As the culture of entrepreneurship continues its shift from reliance on paid consultants to volunteer mentors, we collectively cheer about the money we’re saving. But, this shift trades one problem for another. Mentors’ time is perhaps more precious than money. Yet, our startup communities are hopelessly inefficient in turning mentors’ expertise into good startup-company outcomes.
If your community doesn’t adapt, you are in danger of burning through your mentors’ goodwill, and your startups will increasingly be left to fend for themselves.
Why? The learning model in which we are stuck is based on one-to-one exchange of intuitive impressions that experts share with startups. This has two implications:
(1) Mystery. Many experts in startup communities insist the difference between a fundable strategy and a one that cannot attract funding is like the difference between art and porn. “I know it when I see it,” they’ll tell you. (Smut, like a good strategy, is difficult to define in the abstract.)
(2) Access. This type of learning relies on high caliber experts who are gifted in applying their intuition to the unique strategic challenges of a given startup. Mentors’ volunteer time is a scarce and carefully guarded resource. This makes sense; we are making novice entrepreneurs much faster than we are making new, kick-ass mentors.
Mystery creates efficiency problems. Access constraints are a symptom is a growing supply and demand imbalance in our communities. The intuition our communities rely on as the wellspring of entrepreneurial learning doesn’t scale. Until we address this issue, our communities cannot scale either.
Until recently, entrepreneurs and VCs had a relationship like Dark Ages serfs had with monks in their libraries. Back in 2004, I was given a ~100 page binder on venture capital financings. It was put together by some generous deal attorneys in Austin. For over half a decade it was a unique and prized possession of mine. It was the equivalent of a pre-Gutenberg book.
Venture financing education has come a long way since then, via online resources from Mark Suster, Paul Graham and Y Combinator, and books like Venture Deals. We’ve entered the age of the printing press. But, any entrepreneur worth her salt will tell you success in business isn’t found in any blog or book.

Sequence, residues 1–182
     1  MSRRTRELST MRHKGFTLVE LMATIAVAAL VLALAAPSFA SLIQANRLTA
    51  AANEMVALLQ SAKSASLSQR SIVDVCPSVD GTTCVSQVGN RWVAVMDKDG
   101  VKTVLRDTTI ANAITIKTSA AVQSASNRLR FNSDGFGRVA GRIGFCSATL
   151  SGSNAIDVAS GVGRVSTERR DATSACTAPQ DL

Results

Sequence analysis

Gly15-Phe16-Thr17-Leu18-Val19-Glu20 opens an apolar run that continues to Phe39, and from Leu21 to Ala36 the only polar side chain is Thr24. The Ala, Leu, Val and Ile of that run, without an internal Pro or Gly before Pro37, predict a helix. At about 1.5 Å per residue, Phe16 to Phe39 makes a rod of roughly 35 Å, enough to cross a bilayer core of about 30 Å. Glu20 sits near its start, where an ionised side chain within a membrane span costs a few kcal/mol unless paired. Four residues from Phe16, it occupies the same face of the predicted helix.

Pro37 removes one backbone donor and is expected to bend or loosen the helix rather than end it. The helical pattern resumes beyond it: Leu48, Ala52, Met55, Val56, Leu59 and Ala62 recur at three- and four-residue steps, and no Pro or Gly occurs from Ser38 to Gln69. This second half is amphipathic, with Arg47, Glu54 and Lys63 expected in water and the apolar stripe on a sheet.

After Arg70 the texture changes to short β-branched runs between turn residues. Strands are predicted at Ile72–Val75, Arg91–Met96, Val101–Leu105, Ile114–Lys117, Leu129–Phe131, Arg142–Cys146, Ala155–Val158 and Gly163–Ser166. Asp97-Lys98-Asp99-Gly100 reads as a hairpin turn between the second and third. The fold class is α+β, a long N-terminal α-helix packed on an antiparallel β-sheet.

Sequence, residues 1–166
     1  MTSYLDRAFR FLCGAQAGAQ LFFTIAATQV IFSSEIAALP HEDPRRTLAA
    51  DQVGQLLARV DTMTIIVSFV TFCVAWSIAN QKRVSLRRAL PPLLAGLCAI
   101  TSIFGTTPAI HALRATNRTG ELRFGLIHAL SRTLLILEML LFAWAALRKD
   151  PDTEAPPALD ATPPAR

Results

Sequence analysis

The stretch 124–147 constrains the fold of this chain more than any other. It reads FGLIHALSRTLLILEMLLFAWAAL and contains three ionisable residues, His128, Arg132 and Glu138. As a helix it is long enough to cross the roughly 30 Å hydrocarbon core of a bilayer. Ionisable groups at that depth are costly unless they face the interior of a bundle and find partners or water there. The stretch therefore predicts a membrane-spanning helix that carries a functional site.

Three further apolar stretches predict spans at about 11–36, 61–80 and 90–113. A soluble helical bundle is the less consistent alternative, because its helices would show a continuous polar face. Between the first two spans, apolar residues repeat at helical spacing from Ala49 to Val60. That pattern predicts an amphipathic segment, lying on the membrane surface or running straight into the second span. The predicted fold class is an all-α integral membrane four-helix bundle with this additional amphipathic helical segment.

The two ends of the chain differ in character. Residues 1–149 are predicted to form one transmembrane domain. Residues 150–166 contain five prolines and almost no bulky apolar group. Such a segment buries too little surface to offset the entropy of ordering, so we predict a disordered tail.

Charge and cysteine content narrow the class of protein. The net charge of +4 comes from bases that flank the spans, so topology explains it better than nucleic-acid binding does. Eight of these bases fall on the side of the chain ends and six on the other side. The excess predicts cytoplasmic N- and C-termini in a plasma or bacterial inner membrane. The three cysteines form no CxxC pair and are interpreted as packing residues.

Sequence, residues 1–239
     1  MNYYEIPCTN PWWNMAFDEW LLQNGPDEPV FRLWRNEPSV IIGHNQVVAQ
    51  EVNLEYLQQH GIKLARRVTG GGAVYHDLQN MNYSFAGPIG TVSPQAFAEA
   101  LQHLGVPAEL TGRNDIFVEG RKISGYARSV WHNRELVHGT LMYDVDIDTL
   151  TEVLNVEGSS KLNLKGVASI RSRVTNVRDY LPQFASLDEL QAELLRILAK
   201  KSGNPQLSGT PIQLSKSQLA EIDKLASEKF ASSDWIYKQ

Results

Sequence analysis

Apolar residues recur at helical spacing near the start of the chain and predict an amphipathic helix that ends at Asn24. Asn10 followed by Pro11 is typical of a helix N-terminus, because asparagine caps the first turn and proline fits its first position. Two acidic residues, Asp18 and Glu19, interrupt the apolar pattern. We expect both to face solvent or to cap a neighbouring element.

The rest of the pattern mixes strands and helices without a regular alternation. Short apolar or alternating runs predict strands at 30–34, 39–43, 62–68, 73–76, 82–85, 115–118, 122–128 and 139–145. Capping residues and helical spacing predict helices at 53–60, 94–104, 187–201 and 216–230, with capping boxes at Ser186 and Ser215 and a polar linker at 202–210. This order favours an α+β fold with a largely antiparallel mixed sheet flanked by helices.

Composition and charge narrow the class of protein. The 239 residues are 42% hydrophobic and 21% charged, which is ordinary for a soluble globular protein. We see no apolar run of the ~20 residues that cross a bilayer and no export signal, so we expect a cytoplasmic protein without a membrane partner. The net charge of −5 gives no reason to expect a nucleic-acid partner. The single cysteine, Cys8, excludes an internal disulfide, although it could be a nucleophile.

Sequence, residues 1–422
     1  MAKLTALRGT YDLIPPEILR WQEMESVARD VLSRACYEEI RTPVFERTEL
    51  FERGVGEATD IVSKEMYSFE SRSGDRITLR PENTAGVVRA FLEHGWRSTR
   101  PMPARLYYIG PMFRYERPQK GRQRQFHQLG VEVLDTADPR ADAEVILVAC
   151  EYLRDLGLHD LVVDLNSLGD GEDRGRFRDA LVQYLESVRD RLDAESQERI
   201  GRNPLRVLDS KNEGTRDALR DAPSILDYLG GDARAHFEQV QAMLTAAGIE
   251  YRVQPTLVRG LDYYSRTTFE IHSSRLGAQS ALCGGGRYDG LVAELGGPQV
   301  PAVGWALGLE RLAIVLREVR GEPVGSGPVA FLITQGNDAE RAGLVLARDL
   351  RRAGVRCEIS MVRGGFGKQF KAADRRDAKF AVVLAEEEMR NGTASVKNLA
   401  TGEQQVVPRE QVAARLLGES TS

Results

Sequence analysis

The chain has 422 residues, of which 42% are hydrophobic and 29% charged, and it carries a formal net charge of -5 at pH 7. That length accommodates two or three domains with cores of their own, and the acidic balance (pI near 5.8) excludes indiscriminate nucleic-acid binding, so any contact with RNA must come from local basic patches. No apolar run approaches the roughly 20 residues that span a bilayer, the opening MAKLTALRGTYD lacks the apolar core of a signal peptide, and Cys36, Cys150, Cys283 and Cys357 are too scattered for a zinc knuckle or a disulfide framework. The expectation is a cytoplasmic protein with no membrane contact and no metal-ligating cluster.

Where the rubber meets the road—entrepreneurs getting feedback from mentors (and potential investors) on their strategy specifically—we’re still stuck. It’s still a process based on the mysterious intuition of experts. Mystery slows down learning. It means mentors too often get bogged down in the basics, wasting valuable time. Startups get “whiplashed” by mentors only because mentors’ rationale is opaque.
Mystery is an enemy of a scalable learning environment.
The promise of access to a meticulously curated group of the best mentors drove roughly 1200 applicants to seek one of the 12 spots in the the TechStars Boulder 2012 class. Many companies, Valid Eval included, coveted that access.
For 1188 of us, the message we got was unambiguous: “Sorry, Folks! Park’s closed.”
We found the “moose out front” a poor substitute for helpful mentoring.
Our options: (1) go back to painful, slow, risky trial-and-error, or (2) network like demons for the opportunity to burn time in coffee shops hoping to gain a pearl or two of wisdom from the mentors willing to meet with us.
As the demand for mentors climbs in our communities, the supply of learning opportunities for each individual startup decreases. The pent-up demand cannot be met by making more experts in the short- or medium-term. Events like Open Coffees, Boulder Beta, the Open Angel Forum, and tech meetups help increase the velocity of collisions between mentors and those seeking their help, but they don’t do a thing to address the fundamental shortage of mentor expertise available to the burgeoning legions of entrepreneurs who need their help.
We need a force-multiplier, not more get-togethers. We need more efficient learning solutions.
Successful startup communities will morph into scalable community-based learning environments.
First, we need to surface the tacit knowledge of our experts. We structure that knowledge and collectively work to improve the rubrics we use to measure startups’ strategies. Startups and mentors enjoy a common “language” and startup fluency improves. This makes interactions more meaningful and substantive. Once the Mystery falls away, real growth is possible.
With efficient, evidence-based workflows, experts can help more entrepreneurs achieve more progress in the same amount of time: efficiency. Known-good rubrics, which rely on evidence rather than intuition, make it less necessary to rely so heavily on elite mentors. Near-experts (and even peers!) can provide valuable, actionable feedback. Thus, the pool of people who can be helpful to a given startup expands. Efficiency and an expanded pool of mentors eases Access problems.
Mystery and Access don’t have to be constraints to our startups’ learning. We deserve communities that don’t rely on one-to-one intuition exchange to foster development.